Thursday, December 4, 2014

Perfect Timing?

Looking at the title of my post, you may be thinking about the cold rain and sleet moving in this Thursday morning. It's even raining here at my house in Valley Station and the battery for my digital rain gauge is no longer transmitting data. Or perhaps the current Orion rocket launch delay due to wind violation just above the launch pad despite seemingly perfect visibilities and dry conditions at the site. Sam Champion from the Weather Channel morning show still cannot believe that computers have come this far that they can now override the countdown to launch.

Nevertheless, the 'perfect timing' issue I'm thinking of this morning is related to something that might occur within the next couple of weeks, maybe less. Here, let me explain.

Another super typhoon is trekking across the western Pacific, like toward the Philippines. Curvature toward Japan may result in yet another instance when a tropical system affecting Japan might make our weather here in the United States much colder than normal.

Combine this with a weak El Nino and seasonal rainy pattern in California, can you see it? Cold air invasion from the north and an active Pacific stream coming in across California is going to make for interesting weather down the road.

Stay tuned.


Wednesday, November 26, 2014

Clipper Time

One of several clippers I am predicting for this upcoming winter season will embark upon the region later today into the overnight.

As with most clipper type systems, abundant moisture is generally not present. However, at times, these systems have and often overachieved on many occasions.

Since the NAM has had a decent handle of the east coast storm, which did not bring much to the eastern part of Kentucky, as it showed, I'm looking at a weakening consensus of snow totals for the region.

I've looked at the 0z and now the 12z runs of the NAM. Best moisture placement continues to look to be along the Parkways. This has been a consistent signal; however, QPF amounts seem to be declining.

Nevertheless, from Madisonville and Owensboro in the west to Campbellsville and Corbin toward the east look to receive some accumulations, anywhere from a dusting to as much as 3" in isolated areas.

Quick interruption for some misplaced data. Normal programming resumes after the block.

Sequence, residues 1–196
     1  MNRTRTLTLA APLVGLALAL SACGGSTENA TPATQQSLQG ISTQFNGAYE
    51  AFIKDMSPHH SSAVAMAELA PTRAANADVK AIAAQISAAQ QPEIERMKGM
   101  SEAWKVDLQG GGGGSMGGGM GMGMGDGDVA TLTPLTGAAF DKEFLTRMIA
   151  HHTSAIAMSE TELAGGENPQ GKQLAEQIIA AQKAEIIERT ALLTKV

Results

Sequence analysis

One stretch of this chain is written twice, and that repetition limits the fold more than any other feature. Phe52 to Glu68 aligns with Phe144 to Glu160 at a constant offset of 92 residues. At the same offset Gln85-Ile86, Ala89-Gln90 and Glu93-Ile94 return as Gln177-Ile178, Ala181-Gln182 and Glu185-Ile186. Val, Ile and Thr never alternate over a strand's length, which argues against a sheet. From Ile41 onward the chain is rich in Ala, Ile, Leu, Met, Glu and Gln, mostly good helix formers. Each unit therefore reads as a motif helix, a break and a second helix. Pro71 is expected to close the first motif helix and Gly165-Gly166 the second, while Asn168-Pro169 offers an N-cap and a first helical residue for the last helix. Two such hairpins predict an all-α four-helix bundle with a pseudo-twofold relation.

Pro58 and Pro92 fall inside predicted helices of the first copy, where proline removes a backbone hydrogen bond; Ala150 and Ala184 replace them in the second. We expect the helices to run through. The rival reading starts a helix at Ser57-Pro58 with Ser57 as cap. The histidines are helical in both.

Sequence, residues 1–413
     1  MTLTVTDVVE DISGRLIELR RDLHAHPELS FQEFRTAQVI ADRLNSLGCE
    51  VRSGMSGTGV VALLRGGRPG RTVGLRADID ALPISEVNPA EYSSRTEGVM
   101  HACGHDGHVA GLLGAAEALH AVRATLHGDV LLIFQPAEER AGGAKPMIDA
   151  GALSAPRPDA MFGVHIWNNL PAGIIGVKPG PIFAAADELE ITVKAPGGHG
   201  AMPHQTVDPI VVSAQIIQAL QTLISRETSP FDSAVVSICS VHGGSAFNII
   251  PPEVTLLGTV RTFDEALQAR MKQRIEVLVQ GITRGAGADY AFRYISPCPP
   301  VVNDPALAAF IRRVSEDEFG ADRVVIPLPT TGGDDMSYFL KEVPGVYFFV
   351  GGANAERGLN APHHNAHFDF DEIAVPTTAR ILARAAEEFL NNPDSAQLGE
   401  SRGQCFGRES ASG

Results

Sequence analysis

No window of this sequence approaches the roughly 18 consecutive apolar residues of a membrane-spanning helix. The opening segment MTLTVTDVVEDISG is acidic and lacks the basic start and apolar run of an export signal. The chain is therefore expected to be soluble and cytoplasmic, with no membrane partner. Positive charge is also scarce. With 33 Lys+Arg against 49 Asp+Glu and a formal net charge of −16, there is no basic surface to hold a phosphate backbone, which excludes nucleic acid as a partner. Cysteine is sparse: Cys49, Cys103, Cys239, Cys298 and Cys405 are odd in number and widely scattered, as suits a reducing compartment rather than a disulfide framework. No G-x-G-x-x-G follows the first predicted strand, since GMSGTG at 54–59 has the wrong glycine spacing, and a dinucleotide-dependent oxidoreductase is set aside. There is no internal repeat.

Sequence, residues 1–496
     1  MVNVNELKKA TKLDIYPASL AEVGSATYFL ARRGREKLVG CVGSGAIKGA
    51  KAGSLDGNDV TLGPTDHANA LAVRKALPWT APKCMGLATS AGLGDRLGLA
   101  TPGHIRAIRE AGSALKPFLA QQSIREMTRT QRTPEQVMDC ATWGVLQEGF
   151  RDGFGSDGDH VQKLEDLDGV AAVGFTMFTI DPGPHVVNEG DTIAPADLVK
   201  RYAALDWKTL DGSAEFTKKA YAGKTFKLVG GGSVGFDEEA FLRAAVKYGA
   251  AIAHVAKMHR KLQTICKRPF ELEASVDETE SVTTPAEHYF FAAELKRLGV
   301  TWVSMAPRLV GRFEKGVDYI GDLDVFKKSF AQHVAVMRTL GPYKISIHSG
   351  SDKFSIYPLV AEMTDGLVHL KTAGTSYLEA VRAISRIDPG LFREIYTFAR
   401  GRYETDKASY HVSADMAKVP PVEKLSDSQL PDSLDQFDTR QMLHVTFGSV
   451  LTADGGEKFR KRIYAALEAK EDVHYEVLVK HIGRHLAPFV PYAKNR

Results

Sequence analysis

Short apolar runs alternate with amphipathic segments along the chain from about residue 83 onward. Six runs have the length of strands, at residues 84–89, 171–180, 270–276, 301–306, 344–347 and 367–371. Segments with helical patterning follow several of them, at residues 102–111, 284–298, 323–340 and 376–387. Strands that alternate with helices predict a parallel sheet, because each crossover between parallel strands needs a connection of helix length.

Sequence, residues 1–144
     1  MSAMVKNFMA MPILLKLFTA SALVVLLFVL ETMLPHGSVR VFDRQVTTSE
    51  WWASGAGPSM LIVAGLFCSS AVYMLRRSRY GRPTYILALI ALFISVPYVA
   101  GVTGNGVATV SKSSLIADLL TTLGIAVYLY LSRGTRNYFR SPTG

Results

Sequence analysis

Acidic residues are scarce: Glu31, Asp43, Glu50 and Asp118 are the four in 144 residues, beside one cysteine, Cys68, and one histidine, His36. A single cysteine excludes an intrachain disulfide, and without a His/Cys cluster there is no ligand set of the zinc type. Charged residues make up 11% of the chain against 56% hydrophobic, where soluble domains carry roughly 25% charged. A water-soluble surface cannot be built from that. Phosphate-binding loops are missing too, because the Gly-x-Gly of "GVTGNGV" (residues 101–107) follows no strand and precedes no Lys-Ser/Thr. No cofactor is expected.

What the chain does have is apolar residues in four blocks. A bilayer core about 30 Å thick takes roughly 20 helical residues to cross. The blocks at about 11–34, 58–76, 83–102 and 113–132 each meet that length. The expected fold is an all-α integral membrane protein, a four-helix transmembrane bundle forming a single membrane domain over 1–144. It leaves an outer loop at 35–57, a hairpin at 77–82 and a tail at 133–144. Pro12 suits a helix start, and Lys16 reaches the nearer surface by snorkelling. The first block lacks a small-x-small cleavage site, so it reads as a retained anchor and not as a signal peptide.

Again, these systems are difficult to forecast. Sometimes, they overachieve. But, the look so far appears that much of those areas may see an inch or less.

It's still possible that some WWA's may be issued for some of those counties in the zone for the best moisture placement.


Monday, November 24, 2014

It's Windy Out There

Over the past 2 hours, winds have peaked between 49 and 53 miles per hour at Louisville, resulting in tree damage and power outages, not only across Jefferson County, but now encompassing a large part of our region.

As I write this post at 8:30am, Jefferson County LGE customers have reported outages now affecting 661. Fayette County's KU/ODP customer outage is up to 163.

Rain is now moving in here at my location in Valley Station. Winds have gusted to near 50 mph with some small limbs littering my yard.

More updates soon on the 'big blow'.


9:20am UPDATE
About 10 minutes ago, winds gusted to at least 50 mph here in Valley Station. At one point I will say it was between 50 and 55 mph for about 20 seconds, resulting in additional small limb damage in my yard.

Outages in Jefferson County have ramped up just within the past several minutes. Now up over 3,000 with half of those in the Strathmoor Village area.


Monday, November 17, 2014

After the Storm

I don't know. Overall, I thought the storm played out as expected. Yes, there was the heavy band of snow on the table and its exact placement remained in question until it finally happened. However, as I write this post, I am not aware of any 6" amounts except for an isolated area up towards Covington/Cincinnati.

I received 2.1" in Valley Station. Surrounding areas received 2-4". I expected 1-3" on average with higher amounts anticipated. Therefore, my final call for 1-4" was in line.

Earlier last week, I highlighted an analog from 1995 Dec 08/09. It was the number 1 ranked analog that showed a band of 2-4" accumulations along the Ohio River for that event followed by some incredibly cold air. Lows in the single digits and highs struggling to get out of the teens. I really did not think that would be possible with this storm system. But, that storm system actually lined up pretty well with this one and that was at 5 days out while models were waffling.

On this day in 1958, Louisville set an all-time high temperature of 84 degrees. That'll warm you up.

On the flip side, 50.4% of the U.S. has snow on the ground. Those lake-effect snow bands are unbelievable, even by standards of those that experience them often. Some areas could see up to 3 feet before the 'machine' shuts off.

I'm still going over the data from the rest of the state.

That's all for now.